Other than ice hockey, all sports had a greater incidence by at least 1.5 times for reported concussion in 2004–2005 through 2008–2009 compared with the previous 15 years. Moreover, women's and men's basketball and lacrosse had a 2.0 times greater incidence for a reported concussion in 2004–2005 through 2008–2009. This increase in reported concussions could be attributed to increased awareness by both the media and health care professions, along with increases in athletes reporting concussions. Although we did not study this factor, it may be that collegiate athletes were more aware of the dangers of playing with a concussion or more willing to report their concussions to a sports medicine professional. In regard to ice hockey, we do not know why the rate in women's ice hockey decreased.
The present study indicated partial support for differences in the concussion incidence in sex-comparable sports and time loss from participation. Specifically, females had greater time loss than males in basketball and soccer. These results were similar to those of Marar et al,3 who also reported greater time loss for female concussed athletes compared with male concussed athletes but contrast with those of Frommer et al,8 who reported no differences in time loss between female and male high school athletes. Concussions were included only if the injury was reported to the AT or physician, and therefore, concussion reporting may reflect sex differences, as females may tend to be more honest about reporting their symptoms. In addition, increased severity of reported concussions for female athletes participating in basketball and soccer may have accounted for greater time loss. Finally, the reported concussions had to result in a time loss of 1 or more days to be included in the study. As expected, due to the difference in the contact rules between men and women's lacrosse, female lacrosse athletes displayed fewer overall reported concussions in competition and practice. In ice hockey, however, females sustained a greater number of reported concussions in games than their male counterparts but fewer during practice. This could be attributed to the females' practices involving less collision and more fundamental skills. In a game situation, females may be less likely to mechanically take the forces due to decreased neck strength, girth, and mass.12
A consensus appears to be emerging that, in sex-comparable sports, female athletes at the collegiate level experience a greater number of reported concussions than males. Whether this information depicts a true sex difference in concussion incidence or is a result of sex differences in concussion-reporting behaviors (ie, females overreport, males underreport, or both), the sports medicine professional should be aware of the concussion occurrence in female athletes. These data warrant the continued study of recovery outcomes among male and female concussed athletes.
Our findings revealed that NCAA athletes self-reported a greater incidence of concussions in competition compared with practice sessions for all 10 sports. The sports with the highest competition IRs were men's ice hockey and lacrosse and women's ice hockey, lacrosse, and soccer. Our results are consistent with those of other researchers3,5,19,20 who also reported higher IRs in competition than in practice sessions. Several reasons may explain why collegiate athletes incurred more reported concussions in competitions compared with practices. First, the level of intensity is greater in competition than practice, resulting in more injuries.21 Second, physical contact between players is increased during competition compared with practice sessions.22 Finally, more illegal contact may take place during competition compared with practice.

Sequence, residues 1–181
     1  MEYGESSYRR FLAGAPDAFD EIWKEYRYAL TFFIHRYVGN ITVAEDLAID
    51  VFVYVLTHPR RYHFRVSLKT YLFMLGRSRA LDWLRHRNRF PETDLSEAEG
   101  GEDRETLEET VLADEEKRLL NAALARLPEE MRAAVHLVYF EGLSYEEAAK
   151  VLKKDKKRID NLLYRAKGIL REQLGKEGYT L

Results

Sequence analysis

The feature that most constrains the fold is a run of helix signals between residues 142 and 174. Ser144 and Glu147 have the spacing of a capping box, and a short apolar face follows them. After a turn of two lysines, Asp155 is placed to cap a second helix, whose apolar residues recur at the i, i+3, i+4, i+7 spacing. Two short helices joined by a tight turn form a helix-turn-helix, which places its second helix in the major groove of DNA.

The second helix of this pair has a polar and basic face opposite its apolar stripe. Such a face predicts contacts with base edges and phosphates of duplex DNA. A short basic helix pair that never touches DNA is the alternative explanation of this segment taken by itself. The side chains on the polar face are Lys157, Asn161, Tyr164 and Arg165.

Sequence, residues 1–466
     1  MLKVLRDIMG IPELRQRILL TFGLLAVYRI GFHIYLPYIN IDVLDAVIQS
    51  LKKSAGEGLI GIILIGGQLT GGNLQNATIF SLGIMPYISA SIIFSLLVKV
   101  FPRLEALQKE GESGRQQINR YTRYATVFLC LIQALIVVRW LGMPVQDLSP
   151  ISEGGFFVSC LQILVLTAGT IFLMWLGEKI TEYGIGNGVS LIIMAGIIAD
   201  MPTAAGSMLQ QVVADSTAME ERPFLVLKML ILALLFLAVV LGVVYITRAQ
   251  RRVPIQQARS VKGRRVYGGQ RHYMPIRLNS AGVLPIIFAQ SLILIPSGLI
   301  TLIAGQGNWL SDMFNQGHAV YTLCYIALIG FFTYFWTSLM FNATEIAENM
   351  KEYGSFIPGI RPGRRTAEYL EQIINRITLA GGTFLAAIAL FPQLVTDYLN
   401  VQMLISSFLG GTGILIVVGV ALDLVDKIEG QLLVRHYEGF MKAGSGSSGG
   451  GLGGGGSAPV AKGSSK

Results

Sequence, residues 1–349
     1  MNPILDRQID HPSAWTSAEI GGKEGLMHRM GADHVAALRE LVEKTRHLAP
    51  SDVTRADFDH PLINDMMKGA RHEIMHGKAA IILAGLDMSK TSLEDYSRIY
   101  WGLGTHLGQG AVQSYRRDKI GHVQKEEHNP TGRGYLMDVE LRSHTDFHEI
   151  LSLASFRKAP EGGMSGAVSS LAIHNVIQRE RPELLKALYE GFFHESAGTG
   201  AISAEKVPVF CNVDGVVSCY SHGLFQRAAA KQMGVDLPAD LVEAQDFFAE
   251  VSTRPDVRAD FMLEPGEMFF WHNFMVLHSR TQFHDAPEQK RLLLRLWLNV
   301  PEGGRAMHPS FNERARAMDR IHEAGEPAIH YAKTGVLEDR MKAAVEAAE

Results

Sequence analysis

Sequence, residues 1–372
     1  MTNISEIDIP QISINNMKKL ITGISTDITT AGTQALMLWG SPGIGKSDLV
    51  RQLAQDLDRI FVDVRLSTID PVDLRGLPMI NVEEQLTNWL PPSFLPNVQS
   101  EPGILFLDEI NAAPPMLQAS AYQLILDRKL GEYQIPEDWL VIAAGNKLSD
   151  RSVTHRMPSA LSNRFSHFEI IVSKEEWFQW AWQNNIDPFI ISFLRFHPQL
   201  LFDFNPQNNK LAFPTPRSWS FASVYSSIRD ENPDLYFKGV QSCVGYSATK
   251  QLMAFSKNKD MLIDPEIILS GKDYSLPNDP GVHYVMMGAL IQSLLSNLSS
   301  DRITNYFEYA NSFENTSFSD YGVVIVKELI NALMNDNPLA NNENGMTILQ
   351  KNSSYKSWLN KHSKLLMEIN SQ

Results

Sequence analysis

This study was not without limitations. An injury was included in the dataset only if the athlete self-reported it to the AT or physician or if the athlete was removed from participation by an AT or physician and had a time loss of 1 or more days. Any concussions that were not accurately diagnosed or that did not hold the athlete out for 1 or more calendar days were excluded from the study. The definition of concussion used by the NCAA ISP is vague, which may have resulted in variations in concussion diagnosis by sports medicine professionals. Another limitation was the AE definition as 1 player attending 1 session of either a game or practice. This definition does not take into consideration the total amount of exposure time in a practice or game. A final limitation to the study was the definition of return to play. Sports medicine professionals used their own judgment in determining when a concussed athlete was ready to return to participation. As a result, there may have been variations from site to site as to when a concussed athlete was returned to participation.
Future researchers should continue to examine the incidence rate and time loss from concussions, especially at the collegiate level. Nonreported concussions in both males and females should be examined to determine if the differences are due to reporting bias or to females truly sustaining more concussions. Investigators should also continue to study biomechanical differences between the sexes, along with advances in rule changes and protective equipment, which may predispose an athlete to or decrease an athlete's likelihood of sustaining a concussion and time loss from injury. Finally, future authors should identify the potential effects of NCAA rule and policy changes on concussions.
The NCAA ISP data were provided by the Datalys Center for Sports Injury Research and Prevention, Inc. We thank the many ATs who have volunteered their time and efforts to submit data to the NCAA ISP. Their efforts are greatly appreciated and have already had a tremendously positive effect on the safety of collegiate athletes.